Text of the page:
I was frustrated, depressed and unsatisfied with myself. I didn’t want my son to be raised by a man who only referenced the glory days but someone who could still hack it when my pup becomes a teenager. I wanted Blaise to have a dad who RESPECTED his body and someone who led by example. Whether it is financial stewardship, physical health, manners, work ethic, you name it, don’t we all want that for our kids? So, I did the math (intake vs output) and the results were clear. I need to be MORE ACTIVE but most importantly, EAT LESS FOOD. Pure and simple, eat less food. So easy right? Just eat less food. Well, that was hard.
So, I started doing meal replacements. Not any fancy 20 week program, not a protein bar followed by 18 hours of fasting, not a bacon and nut diet, and no I didn’t eat cabbage for 10 days straight. My problem was an unhealthy relationship with food, not with a lack of cabbage in my life. I started making smoothies that carry me through the day. I stopped eating my usual breakfast (a delicious 2 fried egg, toasted everything bagel, cheddar cheese, mayonnaise, and salami breakfast sandwich) and instead drink 2 glasses of water, eat some fruit and (wo)man up until I NEED to eat, not when I WANT to eat.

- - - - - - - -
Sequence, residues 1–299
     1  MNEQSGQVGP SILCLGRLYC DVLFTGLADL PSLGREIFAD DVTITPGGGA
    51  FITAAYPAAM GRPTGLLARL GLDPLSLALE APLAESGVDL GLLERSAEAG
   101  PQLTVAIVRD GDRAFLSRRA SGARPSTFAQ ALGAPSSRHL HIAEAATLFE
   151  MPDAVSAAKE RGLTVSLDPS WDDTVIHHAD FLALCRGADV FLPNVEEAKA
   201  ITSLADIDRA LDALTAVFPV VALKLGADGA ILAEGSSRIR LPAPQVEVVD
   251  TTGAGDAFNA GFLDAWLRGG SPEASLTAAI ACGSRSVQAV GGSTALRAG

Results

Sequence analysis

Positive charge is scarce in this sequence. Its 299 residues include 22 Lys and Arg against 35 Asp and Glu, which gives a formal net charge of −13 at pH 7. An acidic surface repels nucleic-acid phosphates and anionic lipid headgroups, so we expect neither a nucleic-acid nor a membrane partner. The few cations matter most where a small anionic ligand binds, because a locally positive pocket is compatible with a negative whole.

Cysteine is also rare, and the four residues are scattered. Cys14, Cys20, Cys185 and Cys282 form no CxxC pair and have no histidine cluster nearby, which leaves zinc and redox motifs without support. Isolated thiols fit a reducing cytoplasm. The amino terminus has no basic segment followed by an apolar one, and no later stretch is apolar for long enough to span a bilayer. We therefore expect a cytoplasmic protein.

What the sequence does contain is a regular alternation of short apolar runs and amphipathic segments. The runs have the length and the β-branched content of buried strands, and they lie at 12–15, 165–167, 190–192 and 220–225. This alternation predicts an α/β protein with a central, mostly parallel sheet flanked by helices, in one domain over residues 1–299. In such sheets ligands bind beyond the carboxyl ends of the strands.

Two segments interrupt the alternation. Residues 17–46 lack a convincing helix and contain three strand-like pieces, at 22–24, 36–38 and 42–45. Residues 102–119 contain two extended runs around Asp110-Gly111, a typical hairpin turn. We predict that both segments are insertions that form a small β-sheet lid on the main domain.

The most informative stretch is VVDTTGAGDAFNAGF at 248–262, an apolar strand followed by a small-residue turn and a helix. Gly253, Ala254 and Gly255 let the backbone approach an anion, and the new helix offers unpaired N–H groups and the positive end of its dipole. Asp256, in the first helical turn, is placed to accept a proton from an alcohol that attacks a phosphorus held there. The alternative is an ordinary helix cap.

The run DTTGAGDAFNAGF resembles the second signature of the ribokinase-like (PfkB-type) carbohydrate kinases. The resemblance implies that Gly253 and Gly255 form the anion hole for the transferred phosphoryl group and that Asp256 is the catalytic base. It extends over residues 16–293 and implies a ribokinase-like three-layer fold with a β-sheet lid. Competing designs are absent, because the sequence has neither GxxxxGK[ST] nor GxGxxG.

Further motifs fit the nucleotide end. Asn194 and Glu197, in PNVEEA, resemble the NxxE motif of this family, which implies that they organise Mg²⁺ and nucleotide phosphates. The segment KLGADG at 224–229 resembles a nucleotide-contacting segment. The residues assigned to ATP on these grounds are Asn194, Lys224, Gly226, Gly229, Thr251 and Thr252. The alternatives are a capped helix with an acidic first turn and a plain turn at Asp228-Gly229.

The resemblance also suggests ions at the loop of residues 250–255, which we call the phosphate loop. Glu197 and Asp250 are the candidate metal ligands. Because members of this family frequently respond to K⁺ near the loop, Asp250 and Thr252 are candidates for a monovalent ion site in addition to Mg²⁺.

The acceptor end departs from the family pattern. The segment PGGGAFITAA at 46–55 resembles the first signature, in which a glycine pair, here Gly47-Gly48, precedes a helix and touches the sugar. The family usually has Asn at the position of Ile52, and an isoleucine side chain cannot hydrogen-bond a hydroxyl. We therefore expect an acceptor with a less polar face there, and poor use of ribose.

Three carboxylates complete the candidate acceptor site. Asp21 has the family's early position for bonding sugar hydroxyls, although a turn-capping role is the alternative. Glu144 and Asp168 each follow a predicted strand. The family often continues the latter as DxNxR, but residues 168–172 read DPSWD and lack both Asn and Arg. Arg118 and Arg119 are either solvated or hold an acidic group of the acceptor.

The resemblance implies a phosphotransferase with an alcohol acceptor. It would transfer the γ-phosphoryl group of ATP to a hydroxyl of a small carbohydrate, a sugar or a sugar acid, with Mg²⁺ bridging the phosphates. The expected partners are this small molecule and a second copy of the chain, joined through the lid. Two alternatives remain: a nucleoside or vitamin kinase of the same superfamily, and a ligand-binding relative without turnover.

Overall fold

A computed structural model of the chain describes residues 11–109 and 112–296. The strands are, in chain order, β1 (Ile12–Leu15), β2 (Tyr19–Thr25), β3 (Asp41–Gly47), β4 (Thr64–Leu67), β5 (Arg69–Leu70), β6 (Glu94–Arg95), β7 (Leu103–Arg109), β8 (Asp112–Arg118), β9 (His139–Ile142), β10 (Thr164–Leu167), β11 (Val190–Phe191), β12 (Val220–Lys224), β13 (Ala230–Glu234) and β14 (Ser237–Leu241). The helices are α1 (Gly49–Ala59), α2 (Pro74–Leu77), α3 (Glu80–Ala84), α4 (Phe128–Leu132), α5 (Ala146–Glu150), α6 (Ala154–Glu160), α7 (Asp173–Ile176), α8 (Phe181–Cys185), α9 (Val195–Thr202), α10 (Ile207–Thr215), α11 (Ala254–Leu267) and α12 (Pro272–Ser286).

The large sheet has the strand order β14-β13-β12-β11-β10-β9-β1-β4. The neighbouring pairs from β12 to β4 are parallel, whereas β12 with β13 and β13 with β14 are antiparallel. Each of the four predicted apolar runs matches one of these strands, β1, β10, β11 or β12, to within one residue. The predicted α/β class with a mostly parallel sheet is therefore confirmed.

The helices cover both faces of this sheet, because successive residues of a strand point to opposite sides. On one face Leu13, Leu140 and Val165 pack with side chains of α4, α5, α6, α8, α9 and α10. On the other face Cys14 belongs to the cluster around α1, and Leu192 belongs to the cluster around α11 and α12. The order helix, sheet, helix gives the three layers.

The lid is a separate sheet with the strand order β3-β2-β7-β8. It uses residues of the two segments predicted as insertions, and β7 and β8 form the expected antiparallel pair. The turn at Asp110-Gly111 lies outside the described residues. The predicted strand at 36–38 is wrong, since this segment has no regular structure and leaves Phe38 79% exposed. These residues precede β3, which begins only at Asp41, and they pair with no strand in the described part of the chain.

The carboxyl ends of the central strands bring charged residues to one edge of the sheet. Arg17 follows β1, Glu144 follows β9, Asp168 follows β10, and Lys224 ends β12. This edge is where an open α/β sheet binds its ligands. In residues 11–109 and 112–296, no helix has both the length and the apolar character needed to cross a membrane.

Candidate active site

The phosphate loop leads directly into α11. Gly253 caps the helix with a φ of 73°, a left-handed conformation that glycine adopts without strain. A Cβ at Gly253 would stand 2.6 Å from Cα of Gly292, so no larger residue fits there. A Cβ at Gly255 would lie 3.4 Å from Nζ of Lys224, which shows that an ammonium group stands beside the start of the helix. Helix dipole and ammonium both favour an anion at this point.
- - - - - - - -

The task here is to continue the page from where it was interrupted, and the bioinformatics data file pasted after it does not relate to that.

Is it easy? No.
Is it necessary? Yes.
Today I am 191 pounds. I haven’t been that light since I was 25 years old. It isn’t the same body I had years ago and that is something I’m learning to love. I put a lot of miles on my body and in that time, my frame did whatever I asked of it. That being said, I made more withdrawals then I did deposits to the ol’ health bank account. I have started to reconcile my accounts so that I live more of my life in the black than the red. One of my very best friends and training partners, Vince Colella, once told me “It is harder to GET in shape than it is to STAY in shape”. He was right and I learned my lesson.
This issue I’m highlighting is the nutritional aspect of my body reclaiming project. The next installment will feature my workout philosophy. This old dog is learning some new tricks and I am excited to share them with you. If you like what you hear, share it with someone else who needs to hear this message as well.
The philosophy of a smoothie is that it should be healthier than whatever else you were going to eat in its place. A 5 banana, chocolate protein powder, peanut butter infused, whole milk smoothie is only healthier than nachos and beer, 10 slices of pizza or a carton of ice cream. A smoothie is not healthy because you can drink it, it is healthy because of the contents! If you are stuck in cheesecake for breakfast mode (not a joke, my first patient ever used to do this) then yeah, the above mentioned smoothie is a better option. Is it the best? Of course not. But, if that is where you’re at today, you need to get the ball rolling any way you can.
I’m going to lay out some of my favorite smoothie ingredients and let you decide how you want to mix it up. I wrote a longer post about this last year titled: “Shake It Off” (http://www.foundationmi.com/blog/archives/12-2015) but it fell short to provide real recipes.
I use a ninja blender, but for those fancy pants out there, a vitamix is the best blender on the market ( @ $700, it’d better be!) You have no limit on what that thing can chop up. However, this recipe will be written with mere mortal blenders in mind.